The US Department of Defence (DOD) has realised that if they can transport their own manufacturing machines out into the field, they can actually make very complex spares in a war zone. US-based Diverse Machine Solutions (DMS) has already sold five large machines to the US Navy, who are running a series of tests into how to harness mobile additive manufacturing afloat more effectively.

Inventor Slade Gardener was on the DMS stand with his compact Big Metal Additive machine, said to be capable of laying down 5lbs of metal every hour to create some very complex shapes. The rough shape is then milled within the same envelope by a different tool.

“The machine has allowed for the industrialisation of additive manufacture,” Gardener explained. “It can not only actually make complex 3D shapes, it can also finish them as well. This brings a new level of complexity to additive manufacturing because you can control the height of each layer, and from there you can establish the tolerance and stability of the entire part.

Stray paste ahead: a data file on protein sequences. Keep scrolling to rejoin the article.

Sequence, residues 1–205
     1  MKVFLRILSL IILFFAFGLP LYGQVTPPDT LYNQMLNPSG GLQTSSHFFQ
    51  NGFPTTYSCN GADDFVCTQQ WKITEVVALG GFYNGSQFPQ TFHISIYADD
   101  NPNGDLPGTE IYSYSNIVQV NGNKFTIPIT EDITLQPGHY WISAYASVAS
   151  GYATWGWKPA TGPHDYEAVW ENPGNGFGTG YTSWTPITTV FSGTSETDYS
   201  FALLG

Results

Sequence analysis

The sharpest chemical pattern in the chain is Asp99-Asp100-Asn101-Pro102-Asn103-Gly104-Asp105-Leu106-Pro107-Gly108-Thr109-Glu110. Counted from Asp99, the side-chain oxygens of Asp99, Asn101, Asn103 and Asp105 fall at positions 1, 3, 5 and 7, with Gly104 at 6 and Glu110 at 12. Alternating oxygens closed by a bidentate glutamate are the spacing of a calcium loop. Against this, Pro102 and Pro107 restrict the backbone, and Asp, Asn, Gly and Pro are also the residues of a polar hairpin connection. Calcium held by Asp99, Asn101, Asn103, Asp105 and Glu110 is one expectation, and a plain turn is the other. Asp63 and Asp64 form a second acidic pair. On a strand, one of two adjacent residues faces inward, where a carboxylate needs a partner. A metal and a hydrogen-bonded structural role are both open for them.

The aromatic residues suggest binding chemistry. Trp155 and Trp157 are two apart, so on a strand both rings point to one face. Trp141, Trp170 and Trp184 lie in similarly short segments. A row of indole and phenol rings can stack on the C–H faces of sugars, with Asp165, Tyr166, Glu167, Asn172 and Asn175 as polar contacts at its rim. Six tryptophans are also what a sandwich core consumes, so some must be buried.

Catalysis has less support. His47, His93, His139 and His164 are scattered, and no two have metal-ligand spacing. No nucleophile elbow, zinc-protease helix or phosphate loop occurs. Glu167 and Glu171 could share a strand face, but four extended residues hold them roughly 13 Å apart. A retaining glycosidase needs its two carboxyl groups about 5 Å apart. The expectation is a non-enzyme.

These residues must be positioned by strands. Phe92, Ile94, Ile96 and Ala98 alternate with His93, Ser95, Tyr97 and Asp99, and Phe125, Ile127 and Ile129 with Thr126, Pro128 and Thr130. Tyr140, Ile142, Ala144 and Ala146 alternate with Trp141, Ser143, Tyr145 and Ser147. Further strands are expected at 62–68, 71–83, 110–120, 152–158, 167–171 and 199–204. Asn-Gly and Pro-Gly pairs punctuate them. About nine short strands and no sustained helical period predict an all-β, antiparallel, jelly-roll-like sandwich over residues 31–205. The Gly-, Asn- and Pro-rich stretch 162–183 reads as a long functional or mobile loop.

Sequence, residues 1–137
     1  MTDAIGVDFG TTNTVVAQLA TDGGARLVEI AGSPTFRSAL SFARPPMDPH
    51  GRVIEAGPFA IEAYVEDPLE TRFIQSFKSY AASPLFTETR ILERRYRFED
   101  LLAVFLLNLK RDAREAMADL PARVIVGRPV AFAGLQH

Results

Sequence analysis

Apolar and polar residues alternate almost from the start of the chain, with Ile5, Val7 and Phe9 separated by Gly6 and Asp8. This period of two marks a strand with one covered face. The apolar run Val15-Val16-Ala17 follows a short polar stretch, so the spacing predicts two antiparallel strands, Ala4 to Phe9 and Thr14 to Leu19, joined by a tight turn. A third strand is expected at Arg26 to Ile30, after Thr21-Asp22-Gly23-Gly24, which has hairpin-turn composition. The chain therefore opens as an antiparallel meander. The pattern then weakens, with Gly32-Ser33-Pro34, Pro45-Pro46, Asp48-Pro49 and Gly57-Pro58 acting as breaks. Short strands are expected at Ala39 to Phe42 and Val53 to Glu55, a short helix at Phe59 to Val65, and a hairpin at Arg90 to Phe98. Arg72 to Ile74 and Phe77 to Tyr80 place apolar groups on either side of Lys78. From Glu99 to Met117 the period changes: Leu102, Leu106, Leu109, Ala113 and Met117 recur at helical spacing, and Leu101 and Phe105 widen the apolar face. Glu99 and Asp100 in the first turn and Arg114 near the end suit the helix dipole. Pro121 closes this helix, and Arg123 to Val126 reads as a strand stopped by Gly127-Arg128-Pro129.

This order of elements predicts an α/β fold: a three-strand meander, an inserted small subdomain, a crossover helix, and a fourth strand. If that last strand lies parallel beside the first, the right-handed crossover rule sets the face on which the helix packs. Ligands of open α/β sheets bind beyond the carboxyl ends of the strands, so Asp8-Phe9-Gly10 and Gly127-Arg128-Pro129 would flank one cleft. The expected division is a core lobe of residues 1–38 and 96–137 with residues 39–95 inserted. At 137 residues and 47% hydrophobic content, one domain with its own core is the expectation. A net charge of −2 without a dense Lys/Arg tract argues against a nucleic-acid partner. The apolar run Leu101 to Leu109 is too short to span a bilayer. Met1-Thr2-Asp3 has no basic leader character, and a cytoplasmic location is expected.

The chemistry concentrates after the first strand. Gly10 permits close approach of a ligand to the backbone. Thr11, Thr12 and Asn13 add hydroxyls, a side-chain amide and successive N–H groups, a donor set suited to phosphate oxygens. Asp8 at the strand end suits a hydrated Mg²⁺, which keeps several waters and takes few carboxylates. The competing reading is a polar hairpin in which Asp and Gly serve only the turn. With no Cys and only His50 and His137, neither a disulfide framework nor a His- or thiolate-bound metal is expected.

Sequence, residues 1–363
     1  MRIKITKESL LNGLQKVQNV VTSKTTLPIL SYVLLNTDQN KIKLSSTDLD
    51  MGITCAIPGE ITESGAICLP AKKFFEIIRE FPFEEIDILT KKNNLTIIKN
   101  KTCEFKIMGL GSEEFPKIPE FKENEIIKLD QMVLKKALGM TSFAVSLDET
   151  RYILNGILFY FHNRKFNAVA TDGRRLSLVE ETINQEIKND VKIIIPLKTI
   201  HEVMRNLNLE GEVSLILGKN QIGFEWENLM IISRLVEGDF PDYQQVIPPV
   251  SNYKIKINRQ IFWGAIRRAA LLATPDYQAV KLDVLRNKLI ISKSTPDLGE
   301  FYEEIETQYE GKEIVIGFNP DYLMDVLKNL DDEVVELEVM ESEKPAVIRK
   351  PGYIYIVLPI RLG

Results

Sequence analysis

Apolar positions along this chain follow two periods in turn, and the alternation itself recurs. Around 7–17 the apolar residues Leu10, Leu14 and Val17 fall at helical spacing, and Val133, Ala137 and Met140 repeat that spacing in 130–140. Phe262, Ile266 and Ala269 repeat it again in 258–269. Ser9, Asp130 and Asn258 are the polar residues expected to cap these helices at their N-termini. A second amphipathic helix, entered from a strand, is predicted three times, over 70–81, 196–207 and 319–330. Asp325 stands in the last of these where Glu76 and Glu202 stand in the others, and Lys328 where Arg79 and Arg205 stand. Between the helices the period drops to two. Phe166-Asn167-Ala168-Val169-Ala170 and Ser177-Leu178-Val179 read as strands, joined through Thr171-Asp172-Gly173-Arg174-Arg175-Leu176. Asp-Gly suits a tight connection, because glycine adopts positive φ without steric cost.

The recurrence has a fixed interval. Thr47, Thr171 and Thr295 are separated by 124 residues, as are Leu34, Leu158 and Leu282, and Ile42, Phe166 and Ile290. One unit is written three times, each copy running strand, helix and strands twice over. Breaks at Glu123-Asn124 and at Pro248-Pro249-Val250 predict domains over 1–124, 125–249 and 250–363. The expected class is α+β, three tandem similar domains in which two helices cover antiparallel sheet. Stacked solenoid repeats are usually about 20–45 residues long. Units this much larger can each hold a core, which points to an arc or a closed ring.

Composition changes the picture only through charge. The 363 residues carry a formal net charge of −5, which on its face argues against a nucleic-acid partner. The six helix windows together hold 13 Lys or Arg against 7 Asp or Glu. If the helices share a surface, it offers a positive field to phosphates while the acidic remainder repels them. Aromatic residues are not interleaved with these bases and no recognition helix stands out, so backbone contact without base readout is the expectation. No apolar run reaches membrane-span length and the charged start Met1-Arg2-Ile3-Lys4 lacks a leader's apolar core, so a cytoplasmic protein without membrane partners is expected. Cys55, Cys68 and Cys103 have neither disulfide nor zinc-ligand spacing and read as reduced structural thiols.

It allows for the making of parts in a way that would be possible by conventional manufacture.”

The machine on display was able to build parts within a 2ft3 area, but other DMS additive manufacture machines could go as large as 8ft3. “The wire feed technology makes this a very cost-effective machine to run, and the system is fully scalable,” Gardener said.